Only once the legal dispute was settled could excavation resume in 1932. Two Catholic archaeologists headed the dig, which uncovered the Byzantine structure and the beautiful mosaics. To protect these a rickety wooden structure was erected in 1933 - the new Church of the Multiplication. During work to restore the mosaic, the more ancient church beneath it was discovered in 1936.
Tabgha is destroyed
In 1948, ten days before the founding of the State of Israel and the official start of the War of Independence, Israeli militias, acting on orders from Palmach commander Yigal Alon, raided Tabgha, expelled its population, and blew up the houses. The church was spared.
When Pope Paul VI visited the Holy Land in 1964, he came to the site and visited the small church, but even then, plans were underway to erect a beautiful new one in its stead.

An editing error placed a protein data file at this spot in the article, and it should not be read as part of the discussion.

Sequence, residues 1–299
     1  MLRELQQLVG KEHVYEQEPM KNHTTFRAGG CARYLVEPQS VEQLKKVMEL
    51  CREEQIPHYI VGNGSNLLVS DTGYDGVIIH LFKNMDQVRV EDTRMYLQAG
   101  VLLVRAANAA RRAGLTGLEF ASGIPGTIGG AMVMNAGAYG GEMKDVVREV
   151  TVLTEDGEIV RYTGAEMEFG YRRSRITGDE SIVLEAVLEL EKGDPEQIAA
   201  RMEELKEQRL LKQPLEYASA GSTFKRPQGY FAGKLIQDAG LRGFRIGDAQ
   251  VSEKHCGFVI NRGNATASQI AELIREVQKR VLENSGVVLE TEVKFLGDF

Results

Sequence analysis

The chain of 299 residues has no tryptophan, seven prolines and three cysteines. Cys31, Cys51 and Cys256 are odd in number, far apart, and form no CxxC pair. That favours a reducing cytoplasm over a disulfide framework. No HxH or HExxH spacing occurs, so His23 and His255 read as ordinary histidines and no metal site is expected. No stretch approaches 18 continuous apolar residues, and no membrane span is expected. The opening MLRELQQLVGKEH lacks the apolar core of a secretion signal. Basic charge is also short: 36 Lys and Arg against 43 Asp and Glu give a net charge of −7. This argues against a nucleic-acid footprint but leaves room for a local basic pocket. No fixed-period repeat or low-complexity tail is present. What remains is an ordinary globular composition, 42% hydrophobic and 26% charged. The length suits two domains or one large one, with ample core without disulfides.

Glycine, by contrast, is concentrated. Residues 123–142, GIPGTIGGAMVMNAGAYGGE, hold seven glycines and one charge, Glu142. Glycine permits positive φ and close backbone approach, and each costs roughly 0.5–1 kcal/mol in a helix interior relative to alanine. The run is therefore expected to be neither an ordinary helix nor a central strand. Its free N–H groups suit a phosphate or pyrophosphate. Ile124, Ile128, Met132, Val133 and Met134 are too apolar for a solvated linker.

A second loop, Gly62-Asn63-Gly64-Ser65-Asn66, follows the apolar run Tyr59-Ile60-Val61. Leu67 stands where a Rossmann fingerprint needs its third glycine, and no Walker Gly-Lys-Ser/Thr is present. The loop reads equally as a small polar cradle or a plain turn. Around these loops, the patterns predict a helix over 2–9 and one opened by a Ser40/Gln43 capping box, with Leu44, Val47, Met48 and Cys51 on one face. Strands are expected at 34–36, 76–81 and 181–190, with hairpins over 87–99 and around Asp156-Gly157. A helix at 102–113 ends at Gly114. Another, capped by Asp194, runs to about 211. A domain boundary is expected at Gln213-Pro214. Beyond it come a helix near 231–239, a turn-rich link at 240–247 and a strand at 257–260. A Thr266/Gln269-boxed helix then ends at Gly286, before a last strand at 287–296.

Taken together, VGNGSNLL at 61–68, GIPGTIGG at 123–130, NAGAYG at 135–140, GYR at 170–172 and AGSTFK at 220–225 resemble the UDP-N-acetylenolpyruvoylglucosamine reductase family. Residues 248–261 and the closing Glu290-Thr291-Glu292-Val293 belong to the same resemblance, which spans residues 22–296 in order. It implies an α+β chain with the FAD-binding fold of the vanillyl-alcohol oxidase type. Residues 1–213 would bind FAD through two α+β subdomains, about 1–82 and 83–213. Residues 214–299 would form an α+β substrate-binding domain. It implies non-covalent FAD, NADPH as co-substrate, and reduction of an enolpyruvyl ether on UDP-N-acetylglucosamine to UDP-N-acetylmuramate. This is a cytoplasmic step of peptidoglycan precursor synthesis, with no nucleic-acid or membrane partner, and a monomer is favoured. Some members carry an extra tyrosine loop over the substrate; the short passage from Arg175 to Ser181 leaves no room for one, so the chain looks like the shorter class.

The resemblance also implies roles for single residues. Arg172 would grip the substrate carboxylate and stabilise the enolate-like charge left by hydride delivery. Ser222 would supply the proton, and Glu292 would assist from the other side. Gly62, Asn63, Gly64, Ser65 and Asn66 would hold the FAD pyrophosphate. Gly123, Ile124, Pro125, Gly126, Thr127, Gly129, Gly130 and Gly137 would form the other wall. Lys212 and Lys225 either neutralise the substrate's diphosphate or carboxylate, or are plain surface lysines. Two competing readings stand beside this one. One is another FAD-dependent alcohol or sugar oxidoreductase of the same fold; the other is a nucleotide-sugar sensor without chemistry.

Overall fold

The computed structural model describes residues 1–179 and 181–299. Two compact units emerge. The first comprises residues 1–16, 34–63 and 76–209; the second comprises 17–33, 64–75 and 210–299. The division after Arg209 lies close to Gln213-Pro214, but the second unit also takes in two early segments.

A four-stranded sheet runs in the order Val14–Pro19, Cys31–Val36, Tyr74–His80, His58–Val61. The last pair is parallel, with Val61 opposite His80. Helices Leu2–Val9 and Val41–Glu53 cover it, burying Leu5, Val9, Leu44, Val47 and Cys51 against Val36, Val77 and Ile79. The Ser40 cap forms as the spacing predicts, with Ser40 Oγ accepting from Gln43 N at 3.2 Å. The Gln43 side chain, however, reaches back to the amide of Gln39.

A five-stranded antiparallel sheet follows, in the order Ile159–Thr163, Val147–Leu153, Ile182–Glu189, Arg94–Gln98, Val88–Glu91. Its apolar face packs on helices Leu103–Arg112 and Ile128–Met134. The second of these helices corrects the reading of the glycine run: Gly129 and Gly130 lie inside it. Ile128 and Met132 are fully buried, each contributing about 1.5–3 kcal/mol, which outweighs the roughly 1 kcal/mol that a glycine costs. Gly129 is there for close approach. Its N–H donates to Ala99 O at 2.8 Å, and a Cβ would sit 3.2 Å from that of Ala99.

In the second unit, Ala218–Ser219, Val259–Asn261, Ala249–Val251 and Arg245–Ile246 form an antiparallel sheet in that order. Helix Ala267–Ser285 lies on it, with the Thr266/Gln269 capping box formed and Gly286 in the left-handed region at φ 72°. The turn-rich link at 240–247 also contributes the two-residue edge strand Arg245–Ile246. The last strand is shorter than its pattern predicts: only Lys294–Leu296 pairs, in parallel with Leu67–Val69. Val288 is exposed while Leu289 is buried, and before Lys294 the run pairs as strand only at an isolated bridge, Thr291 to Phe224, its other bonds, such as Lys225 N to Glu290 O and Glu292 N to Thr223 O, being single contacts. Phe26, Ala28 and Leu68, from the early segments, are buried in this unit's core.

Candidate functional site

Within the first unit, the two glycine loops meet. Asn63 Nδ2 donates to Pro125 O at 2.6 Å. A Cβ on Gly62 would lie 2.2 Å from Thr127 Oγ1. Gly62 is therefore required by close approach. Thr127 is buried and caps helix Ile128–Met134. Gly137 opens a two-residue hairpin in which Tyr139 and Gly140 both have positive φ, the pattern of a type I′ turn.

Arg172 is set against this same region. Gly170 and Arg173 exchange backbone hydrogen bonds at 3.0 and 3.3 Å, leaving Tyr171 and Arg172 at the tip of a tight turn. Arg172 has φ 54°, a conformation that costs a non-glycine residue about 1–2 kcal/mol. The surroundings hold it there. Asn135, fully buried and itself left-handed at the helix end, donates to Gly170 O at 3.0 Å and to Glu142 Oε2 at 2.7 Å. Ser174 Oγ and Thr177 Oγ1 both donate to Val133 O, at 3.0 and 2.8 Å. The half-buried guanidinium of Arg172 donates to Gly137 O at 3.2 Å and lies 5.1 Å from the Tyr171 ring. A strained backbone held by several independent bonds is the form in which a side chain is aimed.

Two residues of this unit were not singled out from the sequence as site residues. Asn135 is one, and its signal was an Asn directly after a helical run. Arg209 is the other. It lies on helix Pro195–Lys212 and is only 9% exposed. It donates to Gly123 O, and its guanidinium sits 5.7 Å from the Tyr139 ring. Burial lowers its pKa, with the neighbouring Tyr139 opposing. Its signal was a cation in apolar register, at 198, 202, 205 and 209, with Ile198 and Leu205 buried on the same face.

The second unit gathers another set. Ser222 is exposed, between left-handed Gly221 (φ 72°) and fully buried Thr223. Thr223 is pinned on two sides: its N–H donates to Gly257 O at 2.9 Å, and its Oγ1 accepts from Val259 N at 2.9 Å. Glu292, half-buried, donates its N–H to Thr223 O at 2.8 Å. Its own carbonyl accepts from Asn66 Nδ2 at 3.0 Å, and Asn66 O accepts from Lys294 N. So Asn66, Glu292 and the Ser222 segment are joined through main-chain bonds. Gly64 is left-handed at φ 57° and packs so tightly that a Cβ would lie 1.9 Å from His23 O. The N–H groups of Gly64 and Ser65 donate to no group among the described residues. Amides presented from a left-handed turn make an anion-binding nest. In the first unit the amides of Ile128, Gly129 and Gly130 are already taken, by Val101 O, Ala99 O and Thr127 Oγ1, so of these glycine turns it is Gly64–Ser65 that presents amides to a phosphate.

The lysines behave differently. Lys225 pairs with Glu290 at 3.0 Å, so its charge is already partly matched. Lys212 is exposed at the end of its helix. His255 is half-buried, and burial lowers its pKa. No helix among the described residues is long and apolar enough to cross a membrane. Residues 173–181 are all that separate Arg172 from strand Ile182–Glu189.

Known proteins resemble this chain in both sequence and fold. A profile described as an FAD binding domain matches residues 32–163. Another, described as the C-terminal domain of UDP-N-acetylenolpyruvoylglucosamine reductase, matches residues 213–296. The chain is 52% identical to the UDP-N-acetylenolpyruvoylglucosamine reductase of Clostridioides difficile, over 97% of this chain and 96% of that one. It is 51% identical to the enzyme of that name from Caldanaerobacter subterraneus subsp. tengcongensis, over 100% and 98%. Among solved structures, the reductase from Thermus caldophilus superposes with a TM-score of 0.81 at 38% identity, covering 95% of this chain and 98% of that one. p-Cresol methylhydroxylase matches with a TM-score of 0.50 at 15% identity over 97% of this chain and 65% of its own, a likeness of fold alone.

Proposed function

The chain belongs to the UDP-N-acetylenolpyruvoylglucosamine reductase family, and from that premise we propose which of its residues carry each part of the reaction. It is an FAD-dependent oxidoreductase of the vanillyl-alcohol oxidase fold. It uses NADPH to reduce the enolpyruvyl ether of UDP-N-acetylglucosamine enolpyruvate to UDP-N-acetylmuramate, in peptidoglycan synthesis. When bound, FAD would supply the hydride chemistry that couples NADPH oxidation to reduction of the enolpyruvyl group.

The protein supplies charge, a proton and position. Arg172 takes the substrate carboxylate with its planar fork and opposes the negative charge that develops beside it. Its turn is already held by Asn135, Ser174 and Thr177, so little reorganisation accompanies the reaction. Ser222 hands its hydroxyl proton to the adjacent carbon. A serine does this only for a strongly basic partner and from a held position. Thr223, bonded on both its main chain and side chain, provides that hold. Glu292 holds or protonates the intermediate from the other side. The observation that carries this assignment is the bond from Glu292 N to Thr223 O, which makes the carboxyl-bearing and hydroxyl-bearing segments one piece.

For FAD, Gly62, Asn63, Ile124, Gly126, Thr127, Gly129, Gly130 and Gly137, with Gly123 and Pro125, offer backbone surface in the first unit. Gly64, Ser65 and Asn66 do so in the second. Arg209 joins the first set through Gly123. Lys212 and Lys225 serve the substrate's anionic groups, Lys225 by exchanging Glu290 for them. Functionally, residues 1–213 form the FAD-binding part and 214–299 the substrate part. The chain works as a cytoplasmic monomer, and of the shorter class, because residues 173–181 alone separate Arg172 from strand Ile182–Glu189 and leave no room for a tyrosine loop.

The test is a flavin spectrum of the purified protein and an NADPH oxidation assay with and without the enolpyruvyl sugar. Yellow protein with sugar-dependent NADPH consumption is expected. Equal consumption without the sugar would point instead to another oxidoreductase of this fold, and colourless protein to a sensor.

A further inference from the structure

Two German architects were brought in to do the job - Anton Goergen and Fritz Baumann. They studied the site and existing Byzantine churches and drew up plans to rebuild the church along the lines of the church that was destroyed in the 5th century, using as much of the original material as they could. Construction began in 1980 and lasted two years.
The result was a masterpiece of architecture, from the magnificent ancient mosaics on the ground, to the columns expertly carved from Italian marble, to the red roof tiles - also brought in from Italy - resting atop. Its reconstruction after the fire is projected to cost millions of dollars.